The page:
The Shi’ites believe that the Sahabah were not reputable and just.  But we find in reliable Shi’i sources evidences that confirm their being reputable and just.  They report that the Messenger of Allah sallallahu alaihi wa alihi wa sallam has said in his farewell pilgrimage speech: “May Allah bless the servant who heard my statement and fully understood it, then conveyed it to him who did not hear…”[1]. How could the Messenger sallallahu alaihi wa alihi wa sallam trust the Sahabah in conveying his message if were they not reputable, just and reliable?

If the number of hypocrites and apostates among the companions is as great as the Shi’ites claim, how could Islam have been spread the way it was? And how could the Persian and Roman empires have been conquered, nay how could Bait al-Maqdis (Jerusalem) have been brought under Islam?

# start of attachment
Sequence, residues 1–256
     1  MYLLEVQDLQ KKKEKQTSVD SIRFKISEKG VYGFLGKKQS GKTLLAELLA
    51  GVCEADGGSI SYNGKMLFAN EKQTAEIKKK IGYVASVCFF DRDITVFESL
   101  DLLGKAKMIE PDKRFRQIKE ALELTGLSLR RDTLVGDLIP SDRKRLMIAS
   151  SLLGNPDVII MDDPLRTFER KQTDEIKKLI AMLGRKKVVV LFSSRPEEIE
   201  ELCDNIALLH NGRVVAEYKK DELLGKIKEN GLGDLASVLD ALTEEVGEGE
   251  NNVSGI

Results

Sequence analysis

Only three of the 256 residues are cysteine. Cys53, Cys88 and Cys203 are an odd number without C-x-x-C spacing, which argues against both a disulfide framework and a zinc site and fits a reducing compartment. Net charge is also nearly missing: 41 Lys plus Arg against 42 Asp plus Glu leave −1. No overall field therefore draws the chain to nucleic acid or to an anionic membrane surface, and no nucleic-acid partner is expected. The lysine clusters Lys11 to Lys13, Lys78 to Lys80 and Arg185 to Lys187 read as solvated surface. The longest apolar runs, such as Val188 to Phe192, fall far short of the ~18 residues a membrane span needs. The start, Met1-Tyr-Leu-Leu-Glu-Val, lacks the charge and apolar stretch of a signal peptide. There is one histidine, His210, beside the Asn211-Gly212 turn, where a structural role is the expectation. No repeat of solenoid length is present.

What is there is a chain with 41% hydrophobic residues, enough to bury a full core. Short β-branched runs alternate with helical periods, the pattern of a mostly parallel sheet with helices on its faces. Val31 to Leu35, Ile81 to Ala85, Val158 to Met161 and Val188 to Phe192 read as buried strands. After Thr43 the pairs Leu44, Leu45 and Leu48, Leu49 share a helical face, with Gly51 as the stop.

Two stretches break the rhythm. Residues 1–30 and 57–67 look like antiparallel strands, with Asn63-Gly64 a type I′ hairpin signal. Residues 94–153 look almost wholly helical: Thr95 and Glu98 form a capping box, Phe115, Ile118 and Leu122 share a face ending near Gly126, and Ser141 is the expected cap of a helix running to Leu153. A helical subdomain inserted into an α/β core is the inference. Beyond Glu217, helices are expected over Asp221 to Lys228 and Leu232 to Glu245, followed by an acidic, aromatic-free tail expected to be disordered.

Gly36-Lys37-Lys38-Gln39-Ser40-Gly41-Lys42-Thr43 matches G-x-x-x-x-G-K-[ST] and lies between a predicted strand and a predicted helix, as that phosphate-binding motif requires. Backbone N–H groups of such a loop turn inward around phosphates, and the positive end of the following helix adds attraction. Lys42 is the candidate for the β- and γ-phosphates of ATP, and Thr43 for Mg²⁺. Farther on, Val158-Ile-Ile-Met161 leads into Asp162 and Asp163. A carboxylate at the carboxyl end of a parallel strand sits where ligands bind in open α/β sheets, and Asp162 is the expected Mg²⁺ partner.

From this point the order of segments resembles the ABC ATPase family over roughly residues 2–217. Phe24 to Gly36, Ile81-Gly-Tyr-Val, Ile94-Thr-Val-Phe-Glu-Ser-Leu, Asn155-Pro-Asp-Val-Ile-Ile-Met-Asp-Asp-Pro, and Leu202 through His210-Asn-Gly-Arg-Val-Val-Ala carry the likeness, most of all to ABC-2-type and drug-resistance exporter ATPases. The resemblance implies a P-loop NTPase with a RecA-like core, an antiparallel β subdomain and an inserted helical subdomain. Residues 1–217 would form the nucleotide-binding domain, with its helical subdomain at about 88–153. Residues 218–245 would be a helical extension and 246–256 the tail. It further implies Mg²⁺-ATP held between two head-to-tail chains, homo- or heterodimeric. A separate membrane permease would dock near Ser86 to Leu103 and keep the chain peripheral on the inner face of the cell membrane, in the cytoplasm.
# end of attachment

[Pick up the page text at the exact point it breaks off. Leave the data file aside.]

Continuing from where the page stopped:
The Shi’ites present as proof – to their false claim that the sahabah became apostates after the death of the Prophet – the hadith: “Some men among whom I know and who know me would come to me (on the day of judgement, in order to drink from my pond) but they would be driven away from it.  And I would say: O, my companions, my companions!  But it would be said to me: ‘You know not what they innovated after you’[2].

We reply them by saying, this hadith speaks in a general way without mentioning anybody by name.  It exempts neither ‘Ammar ibn Yasir, nor al-Miqdad ibn al-Aswad, nor Abu Dharr, nor Salman al-Farisi, nor any other person among whom the Shi’ites believe were not apostates. Nay, it does not even exempt ‘Ali radiyallahu ‘anhu himself.  So, why would you specify some and leave out others.  This kind of selective discrimination can be done by anyone, because anybody that has ill feelings against any of the companions can claim that the hadith speaks about him.[3]